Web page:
Oh yes, and guess what? If you benefit too much, well then Uncle Sam will help himself back to your wallet via the Alternative Minimum Tax. Never heard of the AMT? Don't worry, you will. The combination of tax reduction coupled with inflation and your success will ensure that AMT becomes a reality in your future. Originally designed to ensure that the "ultra rich" would not be able to duck their taxes, the AMT has been dipping lower and lower into the tax base over the years. It is now poised to reach down into the middle class. Read Bruce Bartlett's article on the AMT to find out more on what it is and how it may affect you. You won't like what you read. The AMT is a separate, parallel taxing system, and is totally unaffected by the current "tax cut". Estimates are that by 2010, over 35 million people will be sucked into the AMT.

Of course, its all academic anyway, since the entire tax cut is rolled back in 2011. That's right, unless Congress acts to make the provisions permanent, they all disappear in 2011, and in effect, we will be faced with what will appear to be an enormous tax increase. The Democrats insisted on this provision and the Republicans caved in order to get the tax cut passed. The Republicans are betting that whatever Congress is sitting in 2011 will vote to continue the tax cut provisions; that it would be political suicide to do otherwise.

Don't bet on it. Tom Daschle wasn't even formally seated as the new Senate Majority leader, and the document hadn't even actually been signed before he was talking about "revisiting" the tax cut. The Republicans might be correct, if all the provisions actually take effect before 2011. But the gradual phasing in takes nine years to complete. During that time we will have two presidential elections. Every Senator will come up for re-election at least once, some twice. We will elect representatives five times. Who knows what the make-up of the Congress will be. We could change administrations twice. I would sooner take my chances with the lottery than lay money that this tax cut will survive unaltered for nine years, let alone be renewed in the tenth when it expires.

For the next nine years, as each phase in date comes up, we will be treated to arguments from the Democrats as to why we can't let that particular provision take effect. It will benefit the rich. (You know, the people who actually pay taxes.) It will take money away from this or that program. (There's always a program they can find to spend money on). The money can be better spent another way. (As if allowing us to keep more of what we earn is spending.) We can't afford it. (As if it's their money in the first place!)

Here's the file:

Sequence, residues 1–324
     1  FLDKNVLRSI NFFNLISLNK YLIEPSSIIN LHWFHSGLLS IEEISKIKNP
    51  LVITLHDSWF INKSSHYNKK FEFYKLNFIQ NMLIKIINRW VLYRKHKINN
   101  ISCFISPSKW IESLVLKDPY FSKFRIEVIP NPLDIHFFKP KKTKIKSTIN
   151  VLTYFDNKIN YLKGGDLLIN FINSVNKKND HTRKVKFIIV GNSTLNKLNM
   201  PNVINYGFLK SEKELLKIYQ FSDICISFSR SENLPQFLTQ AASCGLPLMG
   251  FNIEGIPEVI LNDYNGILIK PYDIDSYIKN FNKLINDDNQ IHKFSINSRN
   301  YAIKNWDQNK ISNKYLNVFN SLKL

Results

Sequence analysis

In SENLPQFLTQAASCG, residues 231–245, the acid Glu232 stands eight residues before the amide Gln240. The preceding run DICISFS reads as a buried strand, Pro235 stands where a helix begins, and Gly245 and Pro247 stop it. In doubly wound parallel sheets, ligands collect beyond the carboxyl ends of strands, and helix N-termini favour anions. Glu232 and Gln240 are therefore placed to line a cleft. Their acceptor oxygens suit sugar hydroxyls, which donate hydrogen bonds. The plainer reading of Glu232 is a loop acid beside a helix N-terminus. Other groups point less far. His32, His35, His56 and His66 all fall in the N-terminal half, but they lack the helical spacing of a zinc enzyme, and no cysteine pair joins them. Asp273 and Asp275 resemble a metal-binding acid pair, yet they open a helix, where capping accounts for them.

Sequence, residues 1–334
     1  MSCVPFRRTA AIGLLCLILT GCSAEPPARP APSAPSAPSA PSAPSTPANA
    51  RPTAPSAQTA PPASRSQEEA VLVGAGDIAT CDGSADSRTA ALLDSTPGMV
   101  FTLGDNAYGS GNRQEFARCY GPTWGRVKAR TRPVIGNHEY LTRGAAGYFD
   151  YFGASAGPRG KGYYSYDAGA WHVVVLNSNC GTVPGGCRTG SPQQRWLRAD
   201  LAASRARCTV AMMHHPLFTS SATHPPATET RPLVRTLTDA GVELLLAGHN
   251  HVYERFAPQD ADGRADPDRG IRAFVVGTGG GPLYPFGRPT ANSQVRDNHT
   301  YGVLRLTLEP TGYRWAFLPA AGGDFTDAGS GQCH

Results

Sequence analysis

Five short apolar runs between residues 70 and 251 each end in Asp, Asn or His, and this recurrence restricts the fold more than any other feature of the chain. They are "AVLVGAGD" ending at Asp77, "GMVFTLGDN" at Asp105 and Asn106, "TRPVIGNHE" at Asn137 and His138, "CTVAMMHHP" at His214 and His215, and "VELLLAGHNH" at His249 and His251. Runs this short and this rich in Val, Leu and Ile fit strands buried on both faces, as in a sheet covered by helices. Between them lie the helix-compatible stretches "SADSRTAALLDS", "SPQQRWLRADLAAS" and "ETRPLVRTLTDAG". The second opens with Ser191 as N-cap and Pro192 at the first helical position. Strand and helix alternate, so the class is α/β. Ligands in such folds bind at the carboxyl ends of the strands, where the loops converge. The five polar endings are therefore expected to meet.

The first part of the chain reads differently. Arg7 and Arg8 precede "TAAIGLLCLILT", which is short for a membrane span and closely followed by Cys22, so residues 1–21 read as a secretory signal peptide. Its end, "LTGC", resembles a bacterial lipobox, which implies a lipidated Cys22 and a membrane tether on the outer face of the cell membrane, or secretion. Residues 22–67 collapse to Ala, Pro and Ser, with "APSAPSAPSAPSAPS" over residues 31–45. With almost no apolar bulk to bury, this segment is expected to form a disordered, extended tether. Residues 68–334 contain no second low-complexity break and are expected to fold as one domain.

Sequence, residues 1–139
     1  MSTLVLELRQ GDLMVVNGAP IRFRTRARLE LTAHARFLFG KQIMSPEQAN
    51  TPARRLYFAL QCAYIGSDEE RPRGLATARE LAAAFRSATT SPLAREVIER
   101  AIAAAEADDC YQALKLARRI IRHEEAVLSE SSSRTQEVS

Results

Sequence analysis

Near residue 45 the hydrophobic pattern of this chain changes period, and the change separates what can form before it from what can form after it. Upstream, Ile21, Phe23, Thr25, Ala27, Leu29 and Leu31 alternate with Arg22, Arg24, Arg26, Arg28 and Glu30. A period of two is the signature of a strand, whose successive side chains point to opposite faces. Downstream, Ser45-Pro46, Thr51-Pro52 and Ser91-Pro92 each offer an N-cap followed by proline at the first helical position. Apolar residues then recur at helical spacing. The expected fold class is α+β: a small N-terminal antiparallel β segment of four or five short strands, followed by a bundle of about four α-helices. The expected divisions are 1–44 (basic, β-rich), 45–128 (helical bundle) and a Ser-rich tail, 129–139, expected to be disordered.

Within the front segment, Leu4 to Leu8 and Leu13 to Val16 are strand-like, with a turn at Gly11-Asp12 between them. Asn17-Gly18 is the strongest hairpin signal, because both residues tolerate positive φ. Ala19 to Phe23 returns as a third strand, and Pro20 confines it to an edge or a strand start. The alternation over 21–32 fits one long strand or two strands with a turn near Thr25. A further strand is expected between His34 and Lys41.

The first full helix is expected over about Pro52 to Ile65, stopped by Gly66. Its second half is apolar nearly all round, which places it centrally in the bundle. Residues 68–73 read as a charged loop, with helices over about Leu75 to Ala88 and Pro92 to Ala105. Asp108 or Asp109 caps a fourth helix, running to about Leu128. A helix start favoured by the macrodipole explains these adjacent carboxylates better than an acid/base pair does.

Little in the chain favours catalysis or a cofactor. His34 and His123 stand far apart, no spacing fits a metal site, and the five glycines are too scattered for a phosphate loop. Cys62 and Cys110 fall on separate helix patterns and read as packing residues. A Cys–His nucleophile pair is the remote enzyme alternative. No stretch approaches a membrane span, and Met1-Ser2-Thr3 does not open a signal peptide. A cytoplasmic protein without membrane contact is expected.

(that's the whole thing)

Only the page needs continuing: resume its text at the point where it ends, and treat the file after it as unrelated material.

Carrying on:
For this tax cut to work, the provisions have to take place now. To leave the "surplus" hanging around in Congress is to allow the Congress to spend it. And having spent it, suddenly they then won't be able to "afford" to give us the tax cut after all. Amid platitudes of "so sorry", they will proceed to take back what they never actually gave in the first place. As Mr Clinton so ably showed us during the eight years he inhabited the throne, it really isn't necessary to actually do something; if you say you are going to do something, that's just as good. After all, what you say you are going to do appears on page 1 in bold type; if you don't do it, that appears on page 28 in small print, if at all. And as long as there is something on page 1 in bold to catch our attention, we don't pay much attention to what is on page 28 in small type.

So take your $300, $500, $600, or what ever you get this year, and be happy. At least you got something. Those who get nothing because you paid no tax, be happy you paid no tax. And realize that at least you aren't being conned - you are getting what your were promised; nothing. That's more than the rest of us will be able to say, we who think we are getting something, and who too, ultimately will come up empty.